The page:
In the Class A championship game against Buford, Williams made it his time to shine. He rushed 28 times for 286 yards, with touchdown runs of 88, 33 and 56 yards. He also caught a 41-yard touchdown pass as Commerce won 27-19.
"I just got in one of those moods," Williams said. "The more you touch me, the more power I get, the more strength. My feet move faster. I wasn't going down."
After the game, Buford coach Dexter Wood said simply, "We couldn't tackle Monte."
He won't have to worry about that anymore.
Williams isn't sure what the future holds. Few Division I schools are looking seriously at him. His size is a concern and he has yet to take the SAT. He may end up at a junior college, he said.
Perhaps somewhere unexpected?
"I'm going to college somewhere," Williams said. "Schools know what they want. If they overlook me, that's OK. Maybe they'll pay for it later."
Photo: In four seasons, Monte Williams has used his elusive, zigzag running style to set the Georgia high school career rushing yardage record with 8,844 yards, the fifth-highest total in U.S. history. / JOEY IVANSCO / Staff
Photo: Every time Commerce's Monte Williams touched the ball, there was the potential for adventure. The AJC player of the year broke tackles, a career rushing record and Buford's hearts on the way to the one thing he wanted most -- a Class A championship.
E13 (teaser) / JENNI GIRTMAN / Staff THIS PHOTO IN METRO ONLY
Copyright 2000 The Atlanta Journal and The Atlanta Constitution
I agree with Todd's explanation and as he mentioned this has been a topic of discussion even as recently as a month ago when I was cleaning up some pre-1948 data.
Here's my philosophy -- the Points For and Points Against fields in the database are specifically for recording the on-field score when regulation play stopped, This is almost always the end of a game but it also includes the times a game was called for weather or whatever. If a game was not played, those field should be blank, because the score is not even 0-0 until kickoff.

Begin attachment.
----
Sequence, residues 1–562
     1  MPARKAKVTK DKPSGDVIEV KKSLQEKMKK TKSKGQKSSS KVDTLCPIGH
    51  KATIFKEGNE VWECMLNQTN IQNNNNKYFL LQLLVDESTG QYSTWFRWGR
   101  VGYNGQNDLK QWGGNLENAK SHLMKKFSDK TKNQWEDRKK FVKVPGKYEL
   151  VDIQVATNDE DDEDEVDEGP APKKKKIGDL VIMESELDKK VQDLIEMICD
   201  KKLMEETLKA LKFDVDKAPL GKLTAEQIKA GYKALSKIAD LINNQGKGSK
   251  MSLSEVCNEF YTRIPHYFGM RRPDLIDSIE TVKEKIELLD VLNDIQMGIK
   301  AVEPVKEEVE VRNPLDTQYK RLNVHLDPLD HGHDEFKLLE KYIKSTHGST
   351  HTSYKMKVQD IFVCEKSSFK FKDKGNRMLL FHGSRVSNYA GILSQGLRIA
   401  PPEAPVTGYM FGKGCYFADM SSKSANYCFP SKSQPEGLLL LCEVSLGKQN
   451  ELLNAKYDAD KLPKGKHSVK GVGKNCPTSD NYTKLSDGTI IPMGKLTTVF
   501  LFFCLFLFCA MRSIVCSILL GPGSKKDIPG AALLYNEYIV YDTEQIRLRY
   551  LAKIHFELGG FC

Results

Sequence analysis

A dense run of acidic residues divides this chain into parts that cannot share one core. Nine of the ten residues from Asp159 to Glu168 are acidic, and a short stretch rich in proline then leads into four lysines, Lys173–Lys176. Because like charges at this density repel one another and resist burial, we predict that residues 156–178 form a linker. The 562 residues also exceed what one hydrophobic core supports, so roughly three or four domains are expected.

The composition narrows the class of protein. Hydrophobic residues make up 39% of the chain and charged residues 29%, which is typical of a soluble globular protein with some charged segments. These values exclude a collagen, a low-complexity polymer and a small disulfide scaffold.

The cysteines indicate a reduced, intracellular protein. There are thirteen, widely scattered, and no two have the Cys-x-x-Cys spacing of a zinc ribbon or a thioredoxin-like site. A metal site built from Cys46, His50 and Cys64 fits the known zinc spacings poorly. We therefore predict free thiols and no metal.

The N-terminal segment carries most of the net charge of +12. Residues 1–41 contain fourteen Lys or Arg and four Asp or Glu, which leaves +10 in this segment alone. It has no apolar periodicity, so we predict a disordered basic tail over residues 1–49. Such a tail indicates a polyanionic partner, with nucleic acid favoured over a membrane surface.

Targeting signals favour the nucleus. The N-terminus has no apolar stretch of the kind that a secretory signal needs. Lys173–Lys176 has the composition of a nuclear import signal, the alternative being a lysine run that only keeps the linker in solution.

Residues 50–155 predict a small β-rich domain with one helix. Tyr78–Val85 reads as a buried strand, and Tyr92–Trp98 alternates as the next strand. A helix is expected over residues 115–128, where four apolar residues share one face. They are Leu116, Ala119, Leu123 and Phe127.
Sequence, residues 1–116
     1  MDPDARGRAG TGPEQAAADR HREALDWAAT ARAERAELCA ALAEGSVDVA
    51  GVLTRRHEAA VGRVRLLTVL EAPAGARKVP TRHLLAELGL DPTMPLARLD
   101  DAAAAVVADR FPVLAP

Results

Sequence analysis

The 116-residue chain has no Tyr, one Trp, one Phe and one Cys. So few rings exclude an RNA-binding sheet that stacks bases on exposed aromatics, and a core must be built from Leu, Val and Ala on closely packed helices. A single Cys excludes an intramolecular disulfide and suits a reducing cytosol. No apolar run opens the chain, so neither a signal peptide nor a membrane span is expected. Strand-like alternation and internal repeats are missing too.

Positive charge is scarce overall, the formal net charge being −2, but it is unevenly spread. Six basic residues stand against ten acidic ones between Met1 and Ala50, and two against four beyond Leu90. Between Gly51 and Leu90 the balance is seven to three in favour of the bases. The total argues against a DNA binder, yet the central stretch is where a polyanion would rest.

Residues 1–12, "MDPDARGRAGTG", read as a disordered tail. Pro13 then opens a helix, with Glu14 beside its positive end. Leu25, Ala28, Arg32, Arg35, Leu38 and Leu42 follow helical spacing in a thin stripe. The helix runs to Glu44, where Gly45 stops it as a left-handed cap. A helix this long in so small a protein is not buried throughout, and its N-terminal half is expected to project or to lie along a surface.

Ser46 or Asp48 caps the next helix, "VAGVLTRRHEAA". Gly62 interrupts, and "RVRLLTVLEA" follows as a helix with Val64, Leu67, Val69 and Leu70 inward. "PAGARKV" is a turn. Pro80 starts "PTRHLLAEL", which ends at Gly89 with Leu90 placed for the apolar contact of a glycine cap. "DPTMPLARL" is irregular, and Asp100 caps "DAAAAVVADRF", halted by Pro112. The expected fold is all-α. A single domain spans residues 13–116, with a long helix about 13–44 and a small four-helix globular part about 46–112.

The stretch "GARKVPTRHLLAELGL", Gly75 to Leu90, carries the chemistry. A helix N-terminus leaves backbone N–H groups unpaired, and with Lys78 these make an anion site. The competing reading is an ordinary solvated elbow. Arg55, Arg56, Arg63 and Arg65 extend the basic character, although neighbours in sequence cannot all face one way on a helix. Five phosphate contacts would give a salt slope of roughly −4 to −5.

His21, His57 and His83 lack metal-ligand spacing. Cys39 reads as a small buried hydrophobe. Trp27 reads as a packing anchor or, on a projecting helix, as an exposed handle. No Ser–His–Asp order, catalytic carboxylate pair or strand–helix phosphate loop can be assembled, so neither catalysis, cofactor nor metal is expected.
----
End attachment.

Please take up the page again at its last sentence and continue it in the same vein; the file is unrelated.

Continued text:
In essence, this captures the state of the game at the end of regulation play.
A forfeit is an administrative action separate from the game itself (although it may be related to events in the game). The forfeit action is captured in the Forfeit field and it's impact on the record in the WLT field and we typically make a comment as to why the game was forfeited, but the arbitrary 1-0 score has little value, at least to me as a researcher, and often gets in the way of better research.
For example, suppose I'm looking for how many opponents a team has shut out and they have a forfeit in their favor. The 1-0 score is not a sound indicator of their defensive prowess. Instead it's more helpful to see the score at the end of regulation play and then see an annotation that the game was forfeited.
If you're willing to provide some source documents and do a quick write up, I can probably work him in there.
The main obstacle is that none of us are familiar enough with that era to make a judgment on who should be highlighted.
Being selected MVP by the Atlanta Touchdown Club might seem to warrant inclusion, but having the reference to both verify it and to judge his accomplishments goes a long way toward ensuring we're using the same standards Ira used when he compiled the list.